Not long ago, people used both sex and gender to describe the reality that human beings are biologically male and female. But today, these words mean different things. They are now used to distinguish between biological function and social function. While sex refers to the biological reality of being male or female (defined by chromosomes and various primary and secondary sex characteristics), language has shifted so that gender now refers to perceived psychological, social, and cultural aspects of being male or female.
Despite the cultural change, gender differences remain rooted in sex differences. While there remains great diversity within men as a group or women as a group, biological differences do contribute to psychological and personality differences between men and women on average. These differences contribute to different levels of interest and participation in certain occupations, sports, and recreational activities. Such differences are natural, not nefarious. In progressive countries with policies promoting sexual equality and with many career paths open to both sexes, differences in men’s and women’s occupational preferences often become more, not less, pronounced.
That is not to say that all cultural expectations related to gender or all differences of participation in certain occupations or activities are right or fair. But accepting and appreciating that there is a natural connection between sex differences and gender differences is essential for preserving mental and emotional well-being. Gender differences are not inherently bad. We should be careful about trying to eliminate any and all gender differences to create uni-sex or uni-gender human beings. Like uni-corns, they don’t and, more fundamentally, can’t exist.
“Accepting and appreciating that there is a natural connection between sex differences and gender differences is essential for preserving mental and emotional well-being.”
We should also be careful not to strictly enforce assumed gender differences, which may artificially limit people in developing their gifts and interests. Telling a boy who enjoys activities typically associated with the opposite sex that he should not do those things because he is a boy may cause him needless distress and confusion about his identity.
Early feminists rightly highlighted both the differences between and the fundamental equality of men and women. Treatises by early modern feminists spoke of the equality of the sexes (rather than genders) in their writing (see, for example, Simone De Beauvoir, The Second Sex, 1949.) However, the focus of gender discussions is now gender identity, a concept that overrides and even erases sex.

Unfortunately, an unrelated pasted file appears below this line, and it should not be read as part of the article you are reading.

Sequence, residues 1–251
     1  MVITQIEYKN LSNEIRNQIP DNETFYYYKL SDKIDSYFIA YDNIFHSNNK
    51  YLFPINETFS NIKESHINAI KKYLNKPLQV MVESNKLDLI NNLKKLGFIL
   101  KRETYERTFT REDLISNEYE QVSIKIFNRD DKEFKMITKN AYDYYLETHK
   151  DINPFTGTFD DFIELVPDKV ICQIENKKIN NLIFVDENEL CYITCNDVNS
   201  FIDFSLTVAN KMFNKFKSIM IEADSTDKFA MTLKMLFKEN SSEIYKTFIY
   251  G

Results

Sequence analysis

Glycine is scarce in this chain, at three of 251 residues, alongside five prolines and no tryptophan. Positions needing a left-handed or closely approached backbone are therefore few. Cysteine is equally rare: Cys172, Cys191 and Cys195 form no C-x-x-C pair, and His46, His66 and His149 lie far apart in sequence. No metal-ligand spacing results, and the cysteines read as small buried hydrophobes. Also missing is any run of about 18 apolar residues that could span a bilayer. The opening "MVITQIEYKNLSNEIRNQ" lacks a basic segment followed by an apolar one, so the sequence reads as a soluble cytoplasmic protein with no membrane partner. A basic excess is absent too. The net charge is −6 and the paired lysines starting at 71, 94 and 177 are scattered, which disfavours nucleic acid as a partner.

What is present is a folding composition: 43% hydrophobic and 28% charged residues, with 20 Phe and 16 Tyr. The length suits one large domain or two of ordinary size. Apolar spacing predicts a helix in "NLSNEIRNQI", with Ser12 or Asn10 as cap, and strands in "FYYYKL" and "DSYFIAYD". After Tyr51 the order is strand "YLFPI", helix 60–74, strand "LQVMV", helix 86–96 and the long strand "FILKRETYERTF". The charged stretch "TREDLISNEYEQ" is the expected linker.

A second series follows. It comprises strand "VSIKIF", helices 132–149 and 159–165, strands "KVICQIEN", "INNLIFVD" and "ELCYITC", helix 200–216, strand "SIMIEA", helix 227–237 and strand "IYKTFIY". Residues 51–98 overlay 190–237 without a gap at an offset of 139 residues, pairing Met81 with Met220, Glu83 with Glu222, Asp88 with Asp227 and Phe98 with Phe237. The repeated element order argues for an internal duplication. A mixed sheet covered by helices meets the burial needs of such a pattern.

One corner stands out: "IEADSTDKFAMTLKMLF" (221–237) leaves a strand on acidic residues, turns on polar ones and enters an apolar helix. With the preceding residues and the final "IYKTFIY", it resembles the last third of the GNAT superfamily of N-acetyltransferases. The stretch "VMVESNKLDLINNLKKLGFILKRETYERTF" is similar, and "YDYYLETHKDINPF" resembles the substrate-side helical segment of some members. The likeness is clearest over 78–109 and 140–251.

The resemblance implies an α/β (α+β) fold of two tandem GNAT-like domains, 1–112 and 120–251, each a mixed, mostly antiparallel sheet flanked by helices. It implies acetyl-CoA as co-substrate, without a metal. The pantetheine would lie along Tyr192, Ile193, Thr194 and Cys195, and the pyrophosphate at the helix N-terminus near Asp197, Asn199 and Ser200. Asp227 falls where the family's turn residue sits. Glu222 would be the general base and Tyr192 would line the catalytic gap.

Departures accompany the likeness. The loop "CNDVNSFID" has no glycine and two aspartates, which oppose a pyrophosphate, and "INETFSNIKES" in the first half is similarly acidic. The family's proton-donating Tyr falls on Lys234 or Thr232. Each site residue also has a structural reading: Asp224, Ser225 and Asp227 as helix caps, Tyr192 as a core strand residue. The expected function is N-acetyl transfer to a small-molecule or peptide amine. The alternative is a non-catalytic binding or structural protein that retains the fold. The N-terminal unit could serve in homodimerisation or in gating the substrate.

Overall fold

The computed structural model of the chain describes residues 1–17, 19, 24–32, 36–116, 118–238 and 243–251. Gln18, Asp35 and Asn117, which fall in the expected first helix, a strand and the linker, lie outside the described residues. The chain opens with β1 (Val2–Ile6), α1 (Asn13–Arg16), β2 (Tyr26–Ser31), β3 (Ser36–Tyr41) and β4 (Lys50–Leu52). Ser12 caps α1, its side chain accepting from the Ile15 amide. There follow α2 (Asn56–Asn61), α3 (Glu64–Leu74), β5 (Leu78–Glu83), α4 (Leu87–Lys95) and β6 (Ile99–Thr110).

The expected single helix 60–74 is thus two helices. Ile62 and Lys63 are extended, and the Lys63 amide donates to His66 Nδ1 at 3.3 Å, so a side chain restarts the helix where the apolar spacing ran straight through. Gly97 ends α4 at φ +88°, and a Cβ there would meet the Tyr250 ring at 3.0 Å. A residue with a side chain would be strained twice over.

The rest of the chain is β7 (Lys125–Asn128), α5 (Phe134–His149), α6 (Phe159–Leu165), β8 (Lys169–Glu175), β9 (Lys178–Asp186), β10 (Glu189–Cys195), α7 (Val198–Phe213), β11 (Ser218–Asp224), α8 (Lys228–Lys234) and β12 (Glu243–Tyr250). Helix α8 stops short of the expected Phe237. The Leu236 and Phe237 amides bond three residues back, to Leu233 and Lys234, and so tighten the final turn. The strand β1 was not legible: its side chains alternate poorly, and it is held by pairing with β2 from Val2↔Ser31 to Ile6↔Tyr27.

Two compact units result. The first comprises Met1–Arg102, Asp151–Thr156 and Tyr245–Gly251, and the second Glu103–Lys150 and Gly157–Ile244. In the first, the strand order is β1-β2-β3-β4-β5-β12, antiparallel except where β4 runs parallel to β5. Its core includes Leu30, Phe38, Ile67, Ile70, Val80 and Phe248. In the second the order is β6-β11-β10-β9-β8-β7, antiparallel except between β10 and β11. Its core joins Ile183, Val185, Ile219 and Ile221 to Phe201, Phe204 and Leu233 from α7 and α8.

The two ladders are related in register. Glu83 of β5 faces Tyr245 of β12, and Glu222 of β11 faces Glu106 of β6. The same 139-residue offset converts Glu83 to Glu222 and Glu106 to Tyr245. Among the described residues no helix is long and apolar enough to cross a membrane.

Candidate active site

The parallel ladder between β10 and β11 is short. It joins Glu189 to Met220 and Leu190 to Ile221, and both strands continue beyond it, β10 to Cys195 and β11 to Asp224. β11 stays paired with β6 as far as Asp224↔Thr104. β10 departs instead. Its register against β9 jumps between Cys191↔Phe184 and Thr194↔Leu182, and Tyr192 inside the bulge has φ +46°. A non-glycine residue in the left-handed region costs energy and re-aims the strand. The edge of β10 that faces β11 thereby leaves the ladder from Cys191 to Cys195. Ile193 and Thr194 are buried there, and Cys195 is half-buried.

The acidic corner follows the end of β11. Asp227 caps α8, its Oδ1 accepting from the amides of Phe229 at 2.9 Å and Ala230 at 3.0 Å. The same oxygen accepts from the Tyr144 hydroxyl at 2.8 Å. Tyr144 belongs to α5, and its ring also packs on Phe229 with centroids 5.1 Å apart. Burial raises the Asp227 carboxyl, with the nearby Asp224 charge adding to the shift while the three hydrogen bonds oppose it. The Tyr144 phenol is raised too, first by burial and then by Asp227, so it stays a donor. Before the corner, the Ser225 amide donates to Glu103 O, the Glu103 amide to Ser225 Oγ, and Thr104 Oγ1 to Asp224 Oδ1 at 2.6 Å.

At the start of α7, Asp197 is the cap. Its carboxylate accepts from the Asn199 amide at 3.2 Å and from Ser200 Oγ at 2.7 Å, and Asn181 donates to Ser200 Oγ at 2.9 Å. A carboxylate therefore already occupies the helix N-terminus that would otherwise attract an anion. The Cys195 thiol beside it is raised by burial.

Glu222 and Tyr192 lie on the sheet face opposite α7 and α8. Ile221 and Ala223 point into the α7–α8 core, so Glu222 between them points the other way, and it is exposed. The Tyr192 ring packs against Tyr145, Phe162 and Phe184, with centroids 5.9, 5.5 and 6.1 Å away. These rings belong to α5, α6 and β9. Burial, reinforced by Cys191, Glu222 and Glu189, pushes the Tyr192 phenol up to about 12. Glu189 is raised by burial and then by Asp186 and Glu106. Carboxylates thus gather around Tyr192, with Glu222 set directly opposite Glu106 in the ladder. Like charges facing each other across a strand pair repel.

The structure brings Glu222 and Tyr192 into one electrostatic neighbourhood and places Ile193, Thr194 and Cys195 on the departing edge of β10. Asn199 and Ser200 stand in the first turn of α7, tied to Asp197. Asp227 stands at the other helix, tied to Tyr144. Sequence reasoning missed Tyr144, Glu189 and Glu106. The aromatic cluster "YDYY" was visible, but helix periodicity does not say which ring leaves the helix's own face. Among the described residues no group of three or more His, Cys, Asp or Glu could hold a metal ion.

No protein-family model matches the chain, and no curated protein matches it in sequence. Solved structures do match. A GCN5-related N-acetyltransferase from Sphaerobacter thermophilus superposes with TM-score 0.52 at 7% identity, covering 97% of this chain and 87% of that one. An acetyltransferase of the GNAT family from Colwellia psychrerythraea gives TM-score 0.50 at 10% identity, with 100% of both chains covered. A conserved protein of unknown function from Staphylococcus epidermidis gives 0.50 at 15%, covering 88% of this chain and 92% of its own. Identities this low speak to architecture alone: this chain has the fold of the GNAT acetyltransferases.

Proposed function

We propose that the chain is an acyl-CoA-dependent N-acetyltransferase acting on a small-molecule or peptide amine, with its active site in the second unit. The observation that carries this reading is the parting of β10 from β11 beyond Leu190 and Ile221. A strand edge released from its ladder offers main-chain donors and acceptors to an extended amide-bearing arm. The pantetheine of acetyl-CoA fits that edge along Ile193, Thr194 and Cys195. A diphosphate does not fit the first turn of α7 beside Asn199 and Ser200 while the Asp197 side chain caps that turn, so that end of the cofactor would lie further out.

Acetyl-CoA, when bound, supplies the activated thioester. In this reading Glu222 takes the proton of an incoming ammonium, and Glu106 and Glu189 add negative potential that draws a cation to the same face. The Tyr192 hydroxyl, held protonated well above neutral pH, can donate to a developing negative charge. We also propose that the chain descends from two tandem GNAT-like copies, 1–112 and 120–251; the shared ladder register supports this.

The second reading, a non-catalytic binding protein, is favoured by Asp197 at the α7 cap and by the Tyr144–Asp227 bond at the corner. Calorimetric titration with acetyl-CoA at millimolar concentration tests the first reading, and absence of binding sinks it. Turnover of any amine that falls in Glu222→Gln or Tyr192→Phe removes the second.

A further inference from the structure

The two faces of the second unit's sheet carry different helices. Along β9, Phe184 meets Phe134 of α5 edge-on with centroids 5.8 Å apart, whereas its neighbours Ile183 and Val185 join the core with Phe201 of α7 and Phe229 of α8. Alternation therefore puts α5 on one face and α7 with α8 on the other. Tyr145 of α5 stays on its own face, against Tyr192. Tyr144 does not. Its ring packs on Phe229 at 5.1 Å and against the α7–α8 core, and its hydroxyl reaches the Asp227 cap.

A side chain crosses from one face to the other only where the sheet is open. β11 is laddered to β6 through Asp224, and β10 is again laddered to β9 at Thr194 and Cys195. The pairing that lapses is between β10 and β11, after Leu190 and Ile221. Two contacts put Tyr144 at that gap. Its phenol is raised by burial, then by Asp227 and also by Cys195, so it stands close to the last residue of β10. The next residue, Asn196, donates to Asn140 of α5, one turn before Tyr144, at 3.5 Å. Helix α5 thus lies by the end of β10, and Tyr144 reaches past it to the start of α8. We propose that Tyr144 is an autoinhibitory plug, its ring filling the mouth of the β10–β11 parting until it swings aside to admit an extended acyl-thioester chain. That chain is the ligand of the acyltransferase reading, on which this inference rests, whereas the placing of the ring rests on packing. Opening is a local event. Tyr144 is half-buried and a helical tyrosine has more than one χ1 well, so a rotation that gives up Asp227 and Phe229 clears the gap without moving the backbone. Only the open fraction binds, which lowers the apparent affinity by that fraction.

(Photograph by Andrea Piacquadio / Pexels.com)
Gender identity is a relatively new concept. It is not the same as gender. Whereas gender refers to the social and cultural aspects of being male or female, gender identity refers to one’s internal, subjective sense of being male or female. Thus, in the past, a boy who wore a dress and make-up to look like a girl might have been called a “boy presenting as a girl.” But today, a boy who believes he is “truly” a girl but who does not try to appear to be female would still be considered a girl presenting as a boy.
Gender expression is another new term. It refers to the way in which a person attempts to express his or her gender identity through clothing, cosmetics, and mannerisms. Ironically, this expression usually depends on gender stereotypes or social constructs (e.g. that pink is a feminine colour or that short hair is a masculine feature).
“Biological sex, gender, and gender identity are all connected, not separate.”
Gender ideology today claims that a person’s “true” identity as male or female (or both, neither, or somewhere in between) depends on his or her self-conception, not on his or her biological body. People rarely ask what it means, for example, for a boy to “feel” or “know” he is girl. He might desire to be girl, or imagine what it would be like to girl, or even mistakenly believe he really is girl. But none of these would make him a girl. The explanation given when it comes to identifying young children as transgender is often shockingly shallow, such as noting that a boy prefers (stereotypically) feminine toys, colours, and clothes.
Biological sex, gender, and gender identity are all connected, not separate. They are not like Lego pieces that can be assembled in an infinite combination of patterns. They are more like the roots, the trunk, and the leaves of a tree that are organically connected to each other and support one another. That is the way that human beings best flourish, and the reason we advocate against cultural efforts to break sex, gender, and gender identity apart.